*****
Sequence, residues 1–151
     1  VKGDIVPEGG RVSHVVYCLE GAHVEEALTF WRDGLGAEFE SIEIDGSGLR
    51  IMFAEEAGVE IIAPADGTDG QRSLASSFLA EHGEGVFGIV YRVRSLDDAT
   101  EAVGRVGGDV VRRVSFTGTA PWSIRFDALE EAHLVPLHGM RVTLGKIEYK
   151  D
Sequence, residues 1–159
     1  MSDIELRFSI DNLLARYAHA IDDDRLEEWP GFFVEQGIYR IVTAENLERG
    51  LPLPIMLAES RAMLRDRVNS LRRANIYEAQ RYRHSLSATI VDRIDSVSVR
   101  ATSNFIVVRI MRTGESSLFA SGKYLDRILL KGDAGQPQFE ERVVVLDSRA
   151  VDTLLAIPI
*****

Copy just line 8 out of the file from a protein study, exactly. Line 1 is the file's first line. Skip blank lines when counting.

    51  LPLPIMLAES RAMLRDRVNS LRRANIYEAQ RYRHSLSATI VDRIDSVSVR